By Liza Moskowitz, MHWOW Program Manager

I attended URJ Greene Family Camp in Bruceville, Texas, for 8 summers growing up. Every summer, our camp director would speak at the first Kabbalat Shabbat service of the session and say, “Camp is the Shabbat of the year.” His words were true – our hectic school year routines were disrupted. We weren’t rushing from one place to the other (except to be first in line at lunch after morning activities).

Most importantly, we were in a “screens free” environment. We stayed up too late under our blankets with flashlights reading the Harry Potter books our parents had sent us instead of falling asleep to YouTube videos like I do today. We were technologically disconnected to connect with our camp friends and the Jewish community we called home.

My summer home, URJ Greene Family Camp’s outdoor chapel where we heard our camp director say “Camp is the Shabbat of the year”

My current Shabbat practice does not include abstaining from using technology. However, I am applying “Camp is the Shabbat of the year” concept to Shabbat on March 1, 2019, with Reboot’s National Day of Unplugging. Reboot describes the event as a “24 hour global respite from technology. It highlights the value of disconnecting from digital devices to connect with ourselves, our loved ones, and our communities in real time.”

To be honest, I probably haven’t been as technologically disconnected since my summers at camp. Between my emails, Facebook, Instagram, podcasts, Spotify, YouTube, and television, I am in front of some type of screen all day long. Some personal products that I use everyday have been adapted because of my screen time.

For pete’s sake – My daily moisturizer and my glasses protect me from the blue light emitted from screens!

Pledge to #Unplug

By taking the pledge to unplug, you will receive a free, easy-to-use online resource guide (in Google Drive!) that includes pledge signs, nametags, Sabbath Manifesto discussion cards, and your own DIY toolkit. I recently downloaded mine, and I love that the pledge signs come in 8 different languages (including proper gender differences): Hebrew, French, English, Yiddish, Spanish, Russian, German, and Polish.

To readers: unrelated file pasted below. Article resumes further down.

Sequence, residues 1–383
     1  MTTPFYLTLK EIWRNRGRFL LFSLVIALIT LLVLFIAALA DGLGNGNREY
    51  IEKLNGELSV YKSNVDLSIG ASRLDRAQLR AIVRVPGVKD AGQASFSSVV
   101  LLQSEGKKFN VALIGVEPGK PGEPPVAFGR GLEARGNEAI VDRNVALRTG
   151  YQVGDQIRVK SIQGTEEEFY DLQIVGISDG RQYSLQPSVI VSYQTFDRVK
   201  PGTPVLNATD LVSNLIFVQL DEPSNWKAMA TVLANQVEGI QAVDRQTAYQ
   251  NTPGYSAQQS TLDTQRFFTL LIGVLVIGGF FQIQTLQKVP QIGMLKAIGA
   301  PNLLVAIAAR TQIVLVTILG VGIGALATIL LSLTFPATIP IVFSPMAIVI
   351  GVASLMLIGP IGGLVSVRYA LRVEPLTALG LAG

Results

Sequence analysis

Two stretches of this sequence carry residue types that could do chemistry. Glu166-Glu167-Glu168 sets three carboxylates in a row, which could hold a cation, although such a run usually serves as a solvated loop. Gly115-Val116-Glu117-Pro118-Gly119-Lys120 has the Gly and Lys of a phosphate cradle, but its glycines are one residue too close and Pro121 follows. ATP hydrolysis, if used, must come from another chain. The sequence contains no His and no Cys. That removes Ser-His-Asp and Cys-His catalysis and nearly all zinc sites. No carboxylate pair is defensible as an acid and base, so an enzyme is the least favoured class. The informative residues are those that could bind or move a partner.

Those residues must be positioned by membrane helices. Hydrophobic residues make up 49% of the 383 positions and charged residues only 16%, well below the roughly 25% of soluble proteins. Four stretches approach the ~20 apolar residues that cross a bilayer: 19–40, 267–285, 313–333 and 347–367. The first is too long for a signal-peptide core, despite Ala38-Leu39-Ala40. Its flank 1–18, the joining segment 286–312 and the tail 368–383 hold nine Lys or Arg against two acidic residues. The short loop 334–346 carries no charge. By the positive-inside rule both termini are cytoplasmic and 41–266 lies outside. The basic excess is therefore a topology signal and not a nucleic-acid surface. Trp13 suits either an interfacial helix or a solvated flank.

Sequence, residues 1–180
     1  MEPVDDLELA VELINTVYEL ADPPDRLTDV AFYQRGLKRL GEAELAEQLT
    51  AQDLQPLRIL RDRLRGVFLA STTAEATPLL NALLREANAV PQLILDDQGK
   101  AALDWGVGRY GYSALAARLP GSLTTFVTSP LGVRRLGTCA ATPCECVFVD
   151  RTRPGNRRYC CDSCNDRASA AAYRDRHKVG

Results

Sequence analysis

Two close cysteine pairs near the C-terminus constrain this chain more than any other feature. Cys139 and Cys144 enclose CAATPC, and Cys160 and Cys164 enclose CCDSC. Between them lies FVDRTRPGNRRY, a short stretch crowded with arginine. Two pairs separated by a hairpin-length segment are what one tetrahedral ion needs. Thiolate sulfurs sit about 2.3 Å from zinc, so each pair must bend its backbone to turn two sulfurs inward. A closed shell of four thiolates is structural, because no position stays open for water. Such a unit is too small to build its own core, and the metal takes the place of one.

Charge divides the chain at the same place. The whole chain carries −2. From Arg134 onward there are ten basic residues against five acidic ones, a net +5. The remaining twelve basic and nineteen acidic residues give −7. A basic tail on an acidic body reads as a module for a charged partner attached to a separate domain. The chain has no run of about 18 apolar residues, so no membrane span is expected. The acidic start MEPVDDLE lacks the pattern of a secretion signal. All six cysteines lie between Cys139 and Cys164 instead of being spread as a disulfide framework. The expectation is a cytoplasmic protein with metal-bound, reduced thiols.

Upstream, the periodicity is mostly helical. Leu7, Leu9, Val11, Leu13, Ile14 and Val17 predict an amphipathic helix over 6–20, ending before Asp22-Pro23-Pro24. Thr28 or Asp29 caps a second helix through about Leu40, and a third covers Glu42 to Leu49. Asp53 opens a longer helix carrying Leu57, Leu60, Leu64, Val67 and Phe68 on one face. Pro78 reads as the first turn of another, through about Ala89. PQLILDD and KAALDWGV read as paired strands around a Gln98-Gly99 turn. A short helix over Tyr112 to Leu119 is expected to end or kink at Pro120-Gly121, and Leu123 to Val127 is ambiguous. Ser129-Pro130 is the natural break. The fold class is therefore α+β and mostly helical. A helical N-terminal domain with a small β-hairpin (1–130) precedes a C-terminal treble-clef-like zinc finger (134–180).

What could an Unplugged MHWOW program look like from March 1 – 2?

Your program could be anything that allows you to put down a screen and connect with the people around you. Use this opportunity to try something new!

You could host a:

  • Shabbat Experience – Host a Shabbat dinner, lunch, or havdalah without any screens. Ask your participants to sign (or commit to) the pledge card and use the Sabbath Manifesto discussion cards. This might be more challenging for some who do not abstain from technology as part of their Shabbat practice.
  • Tikkun Olam program – Connect with a new community organization and organize a day of direct service. Check out the Moishe House 2019 Tikkun Olam pillars to learn more about what Moishe House is doing organizationally to better our world.
  • Jewish Learning discussion – The weekly parsha for March 2nd is quite appropriate – Parashat Vayakhel. Moses assembles the Israelites and emphasizes the commandment to observe Shabbat, and then shares the instructions for building the Tabernacle. Read through a summary of the weekly Torah portion and facilitate a discussion using My Jewish Learning summary or building your own source sheet on Sefaria.

I look forward to seeing what you decide to do for this year’s National Day of Unplugging in your MHWOW program applications. Happy hosting (and disconnecting)!